The biggest problem that needs to be solved with renewable energy is the fact that production fluctuates massivly thru out the day for most types of renewables. At least for solar we can be certain that PV panels will not produce any energy for 50% of the day. The graph below is now famously known as the “duck chart”—released from the California Independent System Operator (CAISO) in a report released late last year. A quote from the Rocky Mountain Institute:
The duck chart shows the net load CAISO’s central thermal power plants would need to supply when you combine hour-by-hour expected customer electricity demand with the offsetting output from variable renewables (especially solar) over the course of a typical spring day. As the forecast goes to 2015 and beyond, the curve shifts as growing shares of renewable generation are added to the grid, with the belly of the duck sinking deeper and the neck rising more steeply.
The “belly of the duck” sinks during the middle of the day, when solar output is at its peak, minimizing demand for the grid’s coal/nuclear/gas plants. But these thermal power plants can not be varied in energy output, they basically always run full throttle to be efficient.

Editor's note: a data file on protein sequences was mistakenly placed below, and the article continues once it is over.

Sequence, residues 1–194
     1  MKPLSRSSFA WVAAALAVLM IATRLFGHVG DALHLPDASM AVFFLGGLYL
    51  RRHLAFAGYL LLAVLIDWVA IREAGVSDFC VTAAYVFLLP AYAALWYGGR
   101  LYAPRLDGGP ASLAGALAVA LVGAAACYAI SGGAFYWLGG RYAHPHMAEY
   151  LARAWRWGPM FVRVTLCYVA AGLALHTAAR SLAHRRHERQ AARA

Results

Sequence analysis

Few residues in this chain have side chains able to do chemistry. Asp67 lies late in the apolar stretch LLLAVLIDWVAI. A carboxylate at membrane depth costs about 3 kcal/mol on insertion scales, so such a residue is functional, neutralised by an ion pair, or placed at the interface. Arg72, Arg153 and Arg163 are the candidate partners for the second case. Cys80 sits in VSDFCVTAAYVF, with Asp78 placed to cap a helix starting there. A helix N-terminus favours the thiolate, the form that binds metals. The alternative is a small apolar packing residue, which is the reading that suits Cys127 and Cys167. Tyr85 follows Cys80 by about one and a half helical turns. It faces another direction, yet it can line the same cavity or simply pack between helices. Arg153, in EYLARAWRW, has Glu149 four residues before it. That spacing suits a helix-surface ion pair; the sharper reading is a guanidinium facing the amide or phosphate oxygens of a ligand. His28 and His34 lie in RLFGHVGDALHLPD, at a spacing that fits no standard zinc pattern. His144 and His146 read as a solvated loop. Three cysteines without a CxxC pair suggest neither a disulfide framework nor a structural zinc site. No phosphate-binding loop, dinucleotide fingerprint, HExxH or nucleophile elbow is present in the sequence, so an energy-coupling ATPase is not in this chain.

So what can we do with this surplus supply of energy?
- It can be exported to surrounding regions – this might work for a while but if we all go renewable there is no surrounding region with demand any more.
- Use demand-side resources – these are for example smart appliances which can be turned on or off by the utility company to balance the lack or excess of energy
- It can be stored – Storage holds a great deal of promise. Storage can come in all shapes and sizes: It could be pumped hydroelectric, compressed air, batteries, or electric vehicles. Especially hydrogen battery are seen as most promising.
The conclusion is that it will require a lot of work, ideas and investments to address the problems of the “belly of the duck” which are caused by renewable energy sources. Additionally, the utility business model will have to evolve.